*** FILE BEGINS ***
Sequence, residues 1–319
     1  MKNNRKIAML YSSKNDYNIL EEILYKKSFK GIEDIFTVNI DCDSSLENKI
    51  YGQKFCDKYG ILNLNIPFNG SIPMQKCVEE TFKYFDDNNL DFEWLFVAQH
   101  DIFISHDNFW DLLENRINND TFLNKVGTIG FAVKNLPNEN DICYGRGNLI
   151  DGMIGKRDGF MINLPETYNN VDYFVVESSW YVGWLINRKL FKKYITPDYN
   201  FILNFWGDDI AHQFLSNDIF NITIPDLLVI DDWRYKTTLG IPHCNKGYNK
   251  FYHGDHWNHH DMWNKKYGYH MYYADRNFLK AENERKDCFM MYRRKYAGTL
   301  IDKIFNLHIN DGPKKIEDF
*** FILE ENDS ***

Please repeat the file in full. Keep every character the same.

Sequence, residues 1–319
     1  MKNNRKIAML YSSKNDYNIL EEILYKKSFK GIEDIFTVNI DCDSSLENKI
    51  YGQKFCDKYG ILNLNIPFNG SIPMQKCVEE TFKYFDDNNL DFEWLFVAQH
   101  DIFISHDNFW DLLENRINND TFLNKVGTIG FAVKNLPNEN DICYGRGNLI
   151  DGMIGKRDGF MINLPETYNN VDYFVVESSW YVGWLINRKL FKKYITPDYN
   201  FILNFWGDDI AHQFLSNDIF NITIPDLLVI DDWRYKTTLG IPHCNKGYNK
   251  FYHGDHWNHH DMWNKKYGYH MYYADRNFLK AENERKDCFM MYRRKYAGTL
   301  IDKIFNLHIN DGPKKIEDF